Osteoid Osteoma

What Is an Osteoid Osteoma?

An osteoid osteoma is a common, benign (non-cancerous) tumor that usually develops in the long bones of the leg – the thigh bone (femur) and shin bone (tibia). But, it can also occur in other bones, including the spine. It is a small tumor that measures less than two centimeters. 

Osteoid osteomas are most likely to develop in children and young adults, but can develop at any age. Males are also nearly three times more likely to be affected than females. 

Osteoid osteomas can be confused with other diseases such as osteomyelitis or osteoblastoma. For the most accurate diagnosis, your child’s physician will need to order specific imaging exams.

What Causes Osteoid Osteomas?

Osteoid osteomas occur when certain cells divide uncontrollably, and the tumor replaces healthy bone tissue with a small mass which causes reactive bone to form nearby, often resulting in pain. The cause of this is not known.

What Are Signs & Symptoms of an Osteoid Osteoma?

While symptoms can differ between patients, these are the most symptoms to watch for:

  • Dull or sharp pain that is not activity-related and is worse at night
  • Pain that is usually relieved by aspirin or other anti-inflammatory drugs
  • Limping
  • Muscle wasting
  • Bowing deformity
  • Scoliosis (with spinal osteoid osteoma)

How Are Osteoid Osteomas Diagnosed?

At Lurie Children’s, our physicians have a variety of diagnostic tests at their disposal to diagnose osteoid osteomas, including:

  • X-rays, which produce an image of the affected bones.
  • Computed tomography (CT) scan, which uses a combination of X-rays to produces cross-sectional images ("slices") of a particular part of the body. CT scans provide more detailed information than normal x-ray images.
  • Magnetic resonance imaging (MRI), which uses a combination of large magnets, radiofrequencies and a computer to produce detailed images of the bones. An MRI does not generate any radiation.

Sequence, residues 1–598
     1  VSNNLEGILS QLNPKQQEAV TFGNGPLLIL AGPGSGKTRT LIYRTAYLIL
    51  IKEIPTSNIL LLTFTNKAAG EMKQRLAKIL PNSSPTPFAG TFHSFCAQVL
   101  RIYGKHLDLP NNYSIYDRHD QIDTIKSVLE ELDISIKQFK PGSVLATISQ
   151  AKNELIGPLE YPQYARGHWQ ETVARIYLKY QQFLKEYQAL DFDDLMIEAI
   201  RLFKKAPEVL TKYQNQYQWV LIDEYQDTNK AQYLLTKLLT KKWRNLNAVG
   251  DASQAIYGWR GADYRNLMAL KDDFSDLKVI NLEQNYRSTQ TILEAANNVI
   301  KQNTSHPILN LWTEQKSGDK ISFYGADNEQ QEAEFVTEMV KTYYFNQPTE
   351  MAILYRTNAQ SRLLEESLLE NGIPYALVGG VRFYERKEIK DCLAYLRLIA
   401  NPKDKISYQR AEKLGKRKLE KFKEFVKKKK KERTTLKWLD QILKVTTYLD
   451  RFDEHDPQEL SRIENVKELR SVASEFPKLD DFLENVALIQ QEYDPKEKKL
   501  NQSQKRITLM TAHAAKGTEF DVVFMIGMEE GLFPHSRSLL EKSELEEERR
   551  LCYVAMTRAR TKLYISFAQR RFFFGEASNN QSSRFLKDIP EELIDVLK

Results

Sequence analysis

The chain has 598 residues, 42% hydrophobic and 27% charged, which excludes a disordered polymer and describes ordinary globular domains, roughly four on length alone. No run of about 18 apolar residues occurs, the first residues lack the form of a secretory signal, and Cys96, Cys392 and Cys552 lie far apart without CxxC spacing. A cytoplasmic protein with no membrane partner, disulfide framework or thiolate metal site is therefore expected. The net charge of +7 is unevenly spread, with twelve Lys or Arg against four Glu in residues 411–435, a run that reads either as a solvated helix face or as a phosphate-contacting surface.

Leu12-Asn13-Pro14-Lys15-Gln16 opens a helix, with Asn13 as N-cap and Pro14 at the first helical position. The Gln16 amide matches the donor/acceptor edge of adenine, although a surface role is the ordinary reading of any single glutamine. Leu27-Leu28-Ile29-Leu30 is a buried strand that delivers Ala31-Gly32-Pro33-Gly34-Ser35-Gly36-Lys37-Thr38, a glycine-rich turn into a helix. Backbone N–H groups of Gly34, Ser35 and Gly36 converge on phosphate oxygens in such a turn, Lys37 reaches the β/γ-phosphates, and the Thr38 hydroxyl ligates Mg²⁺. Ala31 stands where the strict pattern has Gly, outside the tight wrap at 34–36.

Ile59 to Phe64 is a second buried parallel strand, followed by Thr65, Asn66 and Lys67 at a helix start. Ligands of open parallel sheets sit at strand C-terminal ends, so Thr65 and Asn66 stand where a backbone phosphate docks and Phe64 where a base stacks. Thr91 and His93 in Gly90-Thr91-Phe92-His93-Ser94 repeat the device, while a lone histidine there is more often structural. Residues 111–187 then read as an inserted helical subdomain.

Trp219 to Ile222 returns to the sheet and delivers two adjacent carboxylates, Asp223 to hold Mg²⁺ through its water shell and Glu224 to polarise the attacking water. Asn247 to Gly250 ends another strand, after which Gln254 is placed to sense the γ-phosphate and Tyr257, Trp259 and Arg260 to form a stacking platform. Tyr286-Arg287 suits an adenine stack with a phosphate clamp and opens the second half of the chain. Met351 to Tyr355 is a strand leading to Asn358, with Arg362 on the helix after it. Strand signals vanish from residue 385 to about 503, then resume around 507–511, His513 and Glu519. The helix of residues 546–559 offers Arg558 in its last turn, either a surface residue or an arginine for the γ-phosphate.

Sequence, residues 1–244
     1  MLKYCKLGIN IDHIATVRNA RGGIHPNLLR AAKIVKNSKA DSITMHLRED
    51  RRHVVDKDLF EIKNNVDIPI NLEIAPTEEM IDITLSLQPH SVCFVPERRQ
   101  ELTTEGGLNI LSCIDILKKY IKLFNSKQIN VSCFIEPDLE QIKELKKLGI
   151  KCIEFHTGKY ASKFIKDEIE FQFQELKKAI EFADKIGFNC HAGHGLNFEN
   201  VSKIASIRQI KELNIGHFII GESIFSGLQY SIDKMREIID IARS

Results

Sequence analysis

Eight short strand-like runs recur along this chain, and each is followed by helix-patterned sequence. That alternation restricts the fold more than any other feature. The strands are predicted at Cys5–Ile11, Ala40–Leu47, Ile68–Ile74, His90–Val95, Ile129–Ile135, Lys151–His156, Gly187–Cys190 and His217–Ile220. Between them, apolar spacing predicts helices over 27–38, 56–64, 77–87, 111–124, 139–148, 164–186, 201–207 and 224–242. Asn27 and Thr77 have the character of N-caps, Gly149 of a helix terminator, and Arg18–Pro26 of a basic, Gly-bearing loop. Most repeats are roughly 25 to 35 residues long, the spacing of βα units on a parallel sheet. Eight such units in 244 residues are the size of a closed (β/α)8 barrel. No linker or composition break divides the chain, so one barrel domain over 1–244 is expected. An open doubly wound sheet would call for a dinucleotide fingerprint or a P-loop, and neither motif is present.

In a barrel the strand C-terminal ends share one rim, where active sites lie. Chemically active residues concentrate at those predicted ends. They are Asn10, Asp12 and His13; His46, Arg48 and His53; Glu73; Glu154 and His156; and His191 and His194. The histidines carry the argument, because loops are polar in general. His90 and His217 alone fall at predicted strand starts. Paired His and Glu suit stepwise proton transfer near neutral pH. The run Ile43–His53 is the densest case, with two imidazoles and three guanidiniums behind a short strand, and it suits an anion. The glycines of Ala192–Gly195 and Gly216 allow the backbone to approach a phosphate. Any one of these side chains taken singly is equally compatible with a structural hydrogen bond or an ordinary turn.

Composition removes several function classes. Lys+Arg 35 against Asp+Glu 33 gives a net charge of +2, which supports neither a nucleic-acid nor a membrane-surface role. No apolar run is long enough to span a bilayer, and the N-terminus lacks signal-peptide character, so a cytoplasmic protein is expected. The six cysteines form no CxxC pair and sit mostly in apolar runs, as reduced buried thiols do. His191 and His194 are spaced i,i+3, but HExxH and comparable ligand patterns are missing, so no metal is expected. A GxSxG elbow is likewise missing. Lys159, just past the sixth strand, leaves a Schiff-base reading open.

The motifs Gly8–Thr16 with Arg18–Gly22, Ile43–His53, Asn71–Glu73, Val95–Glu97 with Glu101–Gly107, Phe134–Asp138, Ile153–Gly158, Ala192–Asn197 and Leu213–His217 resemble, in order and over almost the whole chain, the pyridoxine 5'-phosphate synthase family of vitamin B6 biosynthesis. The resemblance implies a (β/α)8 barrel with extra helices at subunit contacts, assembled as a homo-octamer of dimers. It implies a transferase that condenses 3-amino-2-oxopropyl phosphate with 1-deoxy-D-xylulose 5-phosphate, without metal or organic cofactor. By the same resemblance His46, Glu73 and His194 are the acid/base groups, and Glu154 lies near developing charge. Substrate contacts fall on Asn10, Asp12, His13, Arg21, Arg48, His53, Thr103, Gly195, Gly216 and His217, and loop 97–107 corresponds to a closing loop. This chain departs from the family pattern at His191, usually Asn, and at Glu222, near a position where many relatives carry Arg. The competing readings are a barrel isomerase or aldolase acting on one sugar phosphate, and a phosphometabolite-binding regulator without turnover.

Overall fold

• Needle biopsy, is a procedure where a doctor places a small needle through the skin and into the lesion to withdraw a small sample of the abnormal tissue. The tissue is analyzed by a pathologist to confirm a finding.
  • Blood tests, which are used to rule out infections.

Right – axial (“salami slice”) CT of the spine showing the small osteoid osteoma (arrow), close to the left L3 nerve root.  Left – axial (“salami slice”) MRI of the same level showing swelling (arrowheads) adjacent to the osteoid osteoma (arrow).

How Are Osteoid Osteomas Treated?

There are several treatment options available for osteoid osteomas involving bones and soft tissues. Some children may need a combination of therapies.  These treatment options include:

  • Medical treatment – Some osteoid osteomas may resolve on their own, but this may take several years. If your child is experiencing pain, non-steroidal, anti-inflammatory medications may be used.
  • Surgical treatment – If your child’s pain cannot be successfully treated with medications, a procedure may be needed. Possible surgical treatments include: 
    • CT-guided Cryoablation – This is an anesthesia-based procedure performed in the Interventional Radiology suite at Lurie Children’s. The doctors use CT-guided imaging to pinpoint the center of the tumor and insert a small needle into the tumor to freeze and kill it. These procedures take approximately 90 minutes to complete. As these procedures are minimally invasive, the incisions are closed with a bandage and pain relief typically occurs within 24 hours.
    • Intralesional Curettage – This is an anesthesia-based, open surgical procedure which involves scraping the tumor off the bone. This was a commonly-performed procedure in the past; however, as ablation has become the gold standard, this is reserved for select complicated cases. If the osteoid osteoma affects the spine, your child may need additional treatment to reinforce the spine. Our physicians will work with specialists from other departments to ensure the best possible outcome for your child.

Right – CT image during treatment.  A needle (arrow) has been placed into the epidural space, with injection of contrast (arrowheads).  This is for protection of the nerve root during treatment (neuroprotective measures). Right – the radiofrequency probe has been placed into the osteoid osteoma (arrow) for treatment.

Treatment at Lurie Children's 

Osteoid Osteomas are treated by our Interventional Radiology and Neurointerventional Radiology teams which are made up of doctors, advanced practice providers, nurses and technologists, all sub-specialized in pediatric interventional radiology. Learn more about our Interventional Radiology and Neurointerventional Radiology Programs. 

What Are the Long-Term Effects of Osteoid Osteomas?

While recurrence of osteoid osteoma is rare, an ablation can be repeated if it does occur. 

Make an Appointment

To make an appointment with one of our Neurointerventional Radiology specialists, call 312.227.5110 or email IR@luriechildrens.org.

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